It showed up again in a four-on-four again, Scott Pellerin said: When they need a big play, a big stop, a big moment, it has not been there in these first seven games.
They led for the first time in five games — they scored first for the first time — but it turned out to be their shortest lead of the young season. (It’s kind of easy to check, as it was only their third lead.)
They will take a few things out of this one. “I thought our compete level was there,” Pellerin said. “The guys were focused. In the first period, the forecheck, I thought was pretty heavy.”
Hartford pushed back, though, and carried things for a while. It took two goals in 20 seconds to even that out. Same two guys in front, too: Mike Halmo and Anders Lee. They were the same two guys in front on Aaron Ness’ goal in the first period.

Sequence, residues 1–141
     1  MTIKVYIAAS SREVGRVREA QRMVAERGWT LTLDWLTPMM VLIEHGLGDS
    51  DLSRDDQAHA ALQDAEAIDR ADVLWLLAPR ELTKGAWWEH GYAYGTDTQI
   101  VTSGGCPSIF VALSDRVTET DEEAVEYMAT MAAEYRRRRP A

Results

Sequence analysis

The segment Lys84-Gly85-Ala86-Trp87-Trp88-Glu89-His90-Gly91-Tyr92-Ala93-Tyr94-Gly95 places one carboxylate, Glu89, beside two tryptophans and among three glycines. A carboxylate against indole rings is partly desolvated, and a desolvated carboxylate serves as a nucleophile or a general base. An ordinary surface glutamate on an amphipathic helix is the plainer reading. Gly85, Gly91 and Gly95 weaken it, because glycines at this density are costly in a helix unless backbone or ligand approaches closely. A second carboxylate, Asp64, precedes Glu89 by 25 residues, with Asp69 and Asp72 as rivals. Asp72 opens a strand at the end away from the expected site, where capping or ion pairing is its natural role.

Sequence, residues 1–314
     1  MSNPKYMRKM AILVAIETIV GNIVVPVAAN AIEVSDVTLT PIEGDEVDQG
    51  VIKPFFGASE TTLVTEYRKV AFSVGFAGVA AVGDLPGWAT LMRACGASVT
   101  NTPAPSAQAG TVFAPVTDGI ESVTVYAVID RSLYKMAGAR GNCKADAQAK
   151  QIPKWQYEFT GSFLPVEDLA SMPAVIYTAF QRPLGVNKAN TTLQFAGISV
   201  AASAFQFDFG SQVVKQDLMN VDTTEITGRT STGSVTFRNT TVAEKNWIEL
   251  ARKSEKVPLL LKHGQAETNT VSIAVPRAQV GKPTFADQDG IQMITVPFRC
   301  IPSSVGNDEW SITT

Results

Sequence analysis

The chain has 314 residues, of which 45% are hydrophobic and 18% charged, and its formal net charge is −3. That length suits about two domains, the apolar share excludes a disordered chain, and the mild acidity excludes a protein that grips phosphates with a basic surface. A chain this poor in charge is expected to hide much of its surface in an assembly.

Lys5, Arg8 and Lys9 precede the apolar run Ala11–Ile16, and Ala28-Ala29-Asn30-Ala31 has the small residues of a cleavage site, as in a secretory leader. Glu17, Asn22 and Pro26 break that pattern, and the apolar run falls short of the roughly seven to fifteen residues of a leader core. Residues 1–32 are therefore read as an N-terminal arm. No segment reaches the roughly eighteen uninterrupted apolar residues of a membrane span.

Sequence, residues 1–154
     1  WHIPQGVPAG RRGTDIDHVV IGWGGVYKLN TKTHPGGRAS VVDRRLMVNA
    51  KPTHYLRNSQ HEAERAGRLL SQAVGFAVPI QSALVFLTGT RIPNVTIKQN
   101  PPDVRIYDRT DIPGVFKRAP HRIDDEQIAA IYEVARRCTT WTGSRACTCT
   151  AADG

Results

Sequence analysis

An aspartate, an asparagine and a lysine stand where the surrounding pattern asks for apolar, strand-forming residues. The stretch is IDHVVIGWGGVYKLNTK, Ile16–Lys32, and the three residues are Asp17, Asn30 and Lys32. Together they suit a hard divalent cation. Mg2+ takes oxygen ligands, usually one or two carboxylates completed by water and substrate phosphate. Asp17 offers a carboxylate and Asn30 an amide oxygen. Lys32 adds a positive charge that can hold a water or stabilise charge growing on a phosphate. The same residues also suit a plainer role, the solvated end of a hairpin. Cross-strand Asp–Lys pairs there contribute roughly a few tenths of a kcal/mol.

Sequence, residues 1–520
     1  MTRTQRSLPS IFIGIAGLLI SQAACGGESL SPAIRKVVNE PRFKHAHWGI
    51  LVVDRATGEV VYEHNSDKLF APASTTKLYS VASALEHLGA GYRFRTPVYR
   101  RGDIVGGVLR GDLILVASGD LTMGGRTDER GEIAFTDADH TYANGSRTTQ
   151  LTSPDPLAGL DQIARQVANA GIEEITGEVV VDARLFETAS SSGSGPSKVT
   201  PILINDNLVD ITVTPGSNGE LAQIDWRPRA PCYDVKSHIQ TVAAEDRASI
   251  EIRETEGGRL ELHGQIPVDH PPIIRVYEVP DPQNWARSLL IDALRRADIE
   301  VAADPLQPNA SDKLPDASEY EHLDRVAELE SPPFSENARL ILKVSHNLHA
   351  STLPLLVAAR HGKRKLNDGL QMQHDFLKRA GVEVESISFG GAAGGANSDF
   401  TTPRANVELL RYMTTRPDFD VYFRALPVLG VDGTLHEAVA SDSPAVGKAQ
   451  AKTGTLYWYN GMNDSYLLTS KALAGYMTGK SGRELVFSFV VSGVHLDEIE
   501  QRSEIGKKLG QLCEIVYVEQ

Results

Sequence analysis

In fact, they were the same two guys in front on a power play in the second period; Jason Missaien stopped a tip from one of them, then stopped Halmo’s sprawling rebound. Not long after that, Aaron Johnson cleared the puck, it bounced to the front of Kenny Reiter’s net as Reiter went behind the net to play the puck, and Marek Hrivik made it 3-1.
But we were talking about Halmo.
“He’s playing his game. His conditioning level is elevated,” Pellerin said, calling him one of the bright spots.
“He’s going to the net, and he’s getting rewarded. He’s quickly becoming a leader of our team with his work ethic.”
Lee was right there with him. “Anders is a big, strong kid,” Halmo said. “He’s hard to move in front. He plays to his assets.”
It got them three goals. But Bridgeport gave up two more than that.
The Sound Tigers have played 429 minutes, 16 seconds this season. They’ve led for 34:13.
Rick DiPietro, wearing No. 31, returns in a 5-2 loss. The last was an empty-netter; 25 saves.
Roadgeekery plus radio geekery plus baseball equals one pretty neat story out of the Times.
And I won’t say anything just yet, Red Sox fans. But soon, I take it.